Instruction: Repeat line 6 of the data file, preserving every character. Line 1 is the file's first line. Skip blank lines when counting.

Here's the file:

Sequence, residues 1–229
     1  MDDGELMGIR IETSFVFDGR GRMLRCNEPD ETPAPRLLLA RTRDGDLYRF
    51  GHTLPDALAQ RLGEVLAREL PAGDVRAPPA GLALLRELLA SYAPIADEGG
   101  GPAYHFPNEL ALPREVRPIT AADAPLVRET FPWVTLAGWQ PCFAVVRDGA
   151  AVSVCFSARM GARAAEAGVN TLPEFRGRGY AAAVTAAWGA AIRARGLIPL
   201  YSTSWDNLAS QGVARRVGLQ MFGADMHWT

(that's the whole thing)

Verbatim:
   201  YSTSWDNLAS QGVARRVGLQ MFGADMHWT